The Shakespeare Conference: SHK 20.0470  Tuesday, 1 September 2009

From:       Michele Marrapodi <This email address is being protected from spambots. You need JavaScript enabled to view it.>
Date:       Tuesday, 1 Sep 2009 16:09:31 +0100
Subject:    Anglo-Italian Renaissance Studies - Books Announcement

Dear SHAKSPEReans,

I am pleased to announce the publication of the following new books in 
the Ashgate series "Anglo-Italian Renaissance Studies":

_Shakespeare, Politics, and Italy: Intertextuality on the Jacobean 
Stage_ By Michael J. Redmond, University of Palermo, Italy

"The use of Italian culture in the Jacobean theatre was never an 
isolated gesture. In considering the ideological repercussions of 
references to Italy in prominent works by Shakespeare and his 
contemporaries, Michael J. Redmond argues that early modern 
intertextuality was a dynamic process of allusion, quotation, and 
revision. Beyond any individual narrative source, Redmond foregrounds 
the fundamental role of Italian textual precedents in the staging of 
domestic anxieties about state crisis, nationalism, and court intrigue. 
By focusing on the self-conscious, overt rehearsal of existing texts and 
genres, the book offers a new approach to the intertextual strategies of 
early modern English political drama. The pervasive circulation of 
Cinquecento political theorists like Machiavelli, Castiglione, and 
Guicciardini combined with recurrent English representations of Italy to 
ensure that the negotiation with previous writing formed an integral 
part of the dramatic agendas of period plays."

_Old Age, Masculinity, and Early Modern Drama: Comic Elders on the 
Italian and Shakespearean Stage_ By Anthony Ellis, Western Michigan 
University, USA

"This first book-length study to trace the evolution of the comic old 
man in Italian and English Renaissance comedy shows how English 
dramatists adopted and reimagined an Italian model to reflect native 
concerns about and attitudes toward growing old. Anthony Ellis provides 
an in-depth study of the comic old man in the erudite comedy of 
sixteenth-century Florence; the character's parallel development in 
early modern Venice, including the commedia dell'arte; and, along with a 
consideration of Anglo-Italian intertextuality, the character's 
subsequent flourishing on the Elizabethan and Jacobean stage. In 
outlining the character's development, Ellis identifies and describes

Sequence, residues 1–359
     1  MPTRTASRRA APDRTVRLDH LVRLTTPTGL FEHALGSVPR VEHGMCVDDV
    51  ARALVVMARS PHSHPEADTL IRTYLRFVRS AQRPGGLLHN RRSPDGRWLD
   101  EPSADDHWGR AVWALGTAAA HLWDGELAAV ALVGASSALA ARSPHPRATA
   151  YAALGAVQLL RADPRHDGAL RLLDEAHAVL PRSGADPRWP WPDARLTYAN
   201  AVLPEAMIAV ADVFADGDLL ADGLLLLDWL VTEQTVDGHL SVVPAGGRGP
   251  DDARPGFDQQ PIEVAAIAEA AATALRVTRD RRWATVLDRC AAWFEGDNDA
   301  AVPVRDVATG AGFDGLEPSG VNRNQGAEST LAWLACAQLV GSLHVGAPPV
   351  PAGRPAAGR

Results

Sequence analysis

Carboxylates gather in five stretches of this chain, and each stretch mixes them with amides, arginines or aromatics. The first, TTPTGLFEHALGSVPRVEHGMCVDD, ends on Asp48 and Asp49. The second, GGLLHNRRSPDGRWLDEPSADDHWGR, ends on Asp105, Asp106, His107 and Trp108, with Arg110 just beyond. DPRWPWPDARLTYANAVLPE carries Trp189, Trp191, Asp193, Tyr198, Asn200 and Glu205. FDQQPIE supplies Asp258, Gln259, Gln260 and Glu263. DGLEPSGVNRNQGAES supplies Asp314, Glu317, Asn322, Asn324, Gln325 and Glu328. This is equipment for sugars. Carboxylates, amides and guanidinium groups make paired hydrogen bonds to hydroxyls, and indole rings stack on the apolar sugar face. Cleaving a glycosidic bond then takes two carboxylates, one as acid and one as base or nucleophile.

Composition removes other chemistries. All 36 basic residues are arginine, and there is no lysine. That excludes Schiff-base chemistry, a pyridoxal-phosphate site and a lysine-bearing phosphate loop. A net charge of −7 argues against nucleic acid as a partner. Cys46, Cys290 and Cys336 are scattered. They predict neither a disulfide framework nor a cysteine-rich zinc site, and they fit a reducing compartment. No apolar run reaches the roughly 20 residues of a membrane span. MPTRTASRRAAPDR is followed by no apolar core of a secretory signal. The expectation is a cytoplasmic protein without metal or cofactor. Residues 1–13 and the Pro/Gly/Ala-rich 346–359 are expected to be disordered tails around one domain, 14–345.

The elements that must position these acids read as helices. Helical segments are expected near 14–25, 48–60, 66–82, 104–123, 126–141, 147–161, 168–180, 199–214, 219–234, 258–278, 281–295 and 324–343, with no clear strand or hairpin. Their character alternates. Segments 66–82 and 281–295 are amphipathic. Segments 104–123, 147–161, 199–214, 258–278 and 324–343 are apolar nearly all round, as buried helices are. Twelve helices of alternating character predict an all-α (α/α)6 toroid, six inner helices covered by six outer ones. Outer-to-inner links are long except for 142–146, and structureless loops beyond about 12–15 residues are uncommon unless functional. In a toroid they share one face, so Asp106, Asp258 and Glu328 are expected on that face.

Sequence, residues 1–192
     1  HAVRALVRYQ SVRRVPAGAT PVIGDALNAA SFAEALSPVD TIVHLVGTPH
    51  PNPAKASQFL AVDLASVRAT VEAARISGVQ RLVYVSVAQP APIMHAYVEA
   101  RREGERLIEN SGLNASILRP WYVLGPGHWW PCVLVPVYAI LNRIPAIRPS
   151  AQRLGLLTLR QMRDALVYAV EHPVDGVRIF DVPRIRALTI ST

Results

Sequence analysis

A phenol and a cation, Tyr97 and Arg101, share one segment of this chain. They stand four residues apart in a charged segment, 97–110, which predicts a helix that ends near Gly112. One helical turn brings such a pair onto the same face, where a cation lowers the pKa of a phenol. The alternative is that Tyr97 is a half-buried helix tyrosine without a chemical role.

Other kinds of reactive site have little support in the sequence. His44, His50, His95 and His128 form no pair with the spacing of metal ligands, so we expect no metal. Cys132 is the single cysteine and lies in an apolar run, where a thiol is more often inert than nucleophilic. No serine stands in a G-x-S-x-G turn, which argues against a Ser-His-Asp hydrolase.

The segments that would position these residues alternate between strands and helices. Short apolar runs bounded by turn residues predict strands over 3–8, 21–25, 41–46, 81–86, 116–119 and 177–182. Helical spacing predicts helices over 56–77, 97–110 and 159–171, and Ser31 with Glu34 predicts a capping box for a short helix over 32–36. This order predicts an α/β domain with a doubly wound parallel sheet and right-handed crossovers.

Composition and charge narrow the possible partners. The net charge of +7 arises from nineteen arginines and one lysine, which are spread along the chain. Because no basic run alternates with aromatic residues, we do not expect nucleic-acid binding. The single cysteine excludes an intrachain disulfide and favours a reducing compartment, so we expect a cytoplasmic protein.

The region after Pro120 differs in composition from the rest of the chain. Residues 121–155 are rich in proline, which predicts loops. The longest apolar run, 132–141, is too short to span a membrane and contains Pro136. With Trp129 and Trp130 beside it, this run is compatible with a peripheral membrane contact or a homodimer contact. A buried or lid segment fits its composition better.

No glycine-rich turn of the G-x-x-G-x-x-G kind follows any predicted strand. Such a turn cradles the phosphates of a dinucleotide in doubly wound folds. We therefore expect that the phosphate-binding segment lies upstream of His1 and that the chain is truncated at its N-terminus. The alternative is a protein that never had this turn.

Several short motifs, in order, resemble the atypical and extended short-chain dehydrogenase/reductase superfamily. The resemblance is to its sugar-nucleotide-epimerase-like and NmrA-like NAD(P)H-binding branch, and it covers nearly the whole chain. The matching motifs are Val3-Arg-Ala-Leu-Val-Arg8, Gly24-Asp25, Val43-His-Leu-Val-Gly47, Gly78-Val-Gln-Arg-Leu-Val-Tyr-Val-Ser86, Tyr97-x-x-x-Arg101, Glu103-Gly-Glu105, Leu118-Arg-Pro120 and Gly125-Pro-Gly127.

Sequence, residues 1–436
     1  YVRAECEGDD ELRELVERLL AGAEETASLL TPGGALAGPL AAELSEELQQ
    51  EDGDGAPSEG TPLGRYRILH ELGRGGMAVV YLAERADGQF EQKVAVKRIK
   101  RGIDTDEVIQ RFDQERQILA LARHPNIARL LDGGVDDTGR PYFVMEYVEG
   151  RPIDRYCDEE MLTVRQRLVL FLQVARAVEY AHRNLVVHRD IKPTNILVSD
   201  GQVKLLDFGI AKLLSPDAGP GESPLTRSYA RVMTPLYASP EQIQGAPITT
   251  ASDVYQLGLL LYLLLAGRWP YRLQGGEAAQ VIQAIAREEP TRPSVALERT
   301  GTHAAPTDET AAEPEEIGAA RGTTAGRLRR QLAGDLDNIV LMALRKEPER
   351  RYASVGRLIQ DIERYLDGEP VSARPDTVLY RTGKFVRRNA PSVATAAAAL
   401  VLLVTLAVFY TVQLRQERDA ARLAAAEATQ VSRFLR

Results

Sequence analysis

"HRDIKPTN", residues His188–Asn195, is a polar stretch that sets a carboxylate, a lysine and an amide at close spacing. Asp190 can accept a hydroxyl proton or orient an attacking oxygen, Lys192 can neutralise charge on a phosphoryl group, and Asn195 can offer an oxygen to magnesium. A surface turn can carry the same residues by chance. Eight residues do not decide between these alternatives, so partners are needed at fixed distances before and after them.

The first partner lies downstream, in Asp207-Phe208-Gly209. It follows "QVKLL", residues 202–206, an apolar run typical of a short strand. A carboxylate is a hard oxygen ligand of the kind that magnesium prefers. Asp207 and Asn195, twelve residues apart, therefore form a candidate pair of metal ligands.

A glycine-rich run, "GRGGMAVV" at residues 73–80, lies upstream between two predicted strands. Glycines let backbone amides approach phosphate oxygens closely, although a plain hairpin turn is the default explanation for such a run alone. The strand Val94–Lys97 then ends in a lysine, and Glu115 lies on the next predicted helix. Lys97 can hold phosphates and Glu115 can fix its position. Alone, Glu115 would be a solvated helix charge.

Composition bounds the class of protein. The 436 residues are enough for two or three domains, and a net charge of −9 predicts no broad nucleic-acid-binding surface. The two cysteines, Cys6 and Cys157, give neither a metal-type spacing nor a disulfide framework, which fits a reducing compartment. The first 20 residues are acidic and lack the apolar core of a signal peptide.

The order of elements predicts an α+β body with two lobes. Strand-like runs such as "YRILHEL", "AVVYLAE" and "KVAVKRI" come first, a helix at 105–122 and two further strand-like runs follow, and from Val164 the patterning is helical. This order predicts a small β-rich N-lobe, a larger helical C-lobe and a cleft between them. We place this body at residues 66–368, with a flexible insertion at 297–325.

the physical and behavioral characteristics of the comic old man and 
situates these traits within early modern society by considering 
prevailing medical theories, sexual myths, and intergenerational 
conflict over political and economic circumstances. The plays examined 
include Italian dramas by Bernardo Dovizi da Bibbiena, Niccolo 
Machiavelli, Donato Giannotti, Lorenzino de' Medici, Andrea Calmo, and 
Flaminio Scala, and English works by William Shakespeare, Ben Jonson, 
and Thomas Dekker, along with Middleton, Rowley, and Heywood's The Old 
Law. Besides providing insight into stage representations of aging, this 
book illuminates how early modern people conceived of and responded to 
the experience of growing old and its social, economic, and physical 

_Identity, Otherness, and Empire in Shakespeare's Rome_ Edited by Maria 
Del Sapio Garbero, Universita Roma Tre, Italy

"Contributors to this collection delve into the relationship between 
Rome and Shakespeare. They view the presence of Rome in Shakespeare's 
plays not simply as an unquestioned model of imperial culture, or a 
routine chapter in the history of literary influence, but rather as the 
problematic link with a distant and foreign ancestry which is both 
revered and ravaged in its translation into the terms of the Bard's own 
cultural moment. During a time when England was engaged in constructing 
a rhetoric of imperial nationhood, the contributors demonstrate that 
Englishmen used Roman history and the classical heritage to mediate a 
complex range of issues, from notions of cultural identity and gender to 
the representation of systems of exchange with Otherness in the 
expanding ethnic space of the nation.  This volume addresses matters of 
concern not only for Shakespeare scholars but also for students 
interested in issues connected with gender, postcolonialism, and 
globalization. Drawing implicitly or explicitly on recent criticism 
(intertextual studies, postcolonial theory, Derrida's conceptualization 
of hospitality, gender studies, global studies) the essayists explore 
how the Roman Shakespeare of an emerging early modern empire asks 
questions of our present as well as of our past."

New book proposals and edited collections of essays are welcome.

Best wishes,
Michele Marrapodi
General Editor
"Anglo-Italian Renaissance Studies"
University of Palermo

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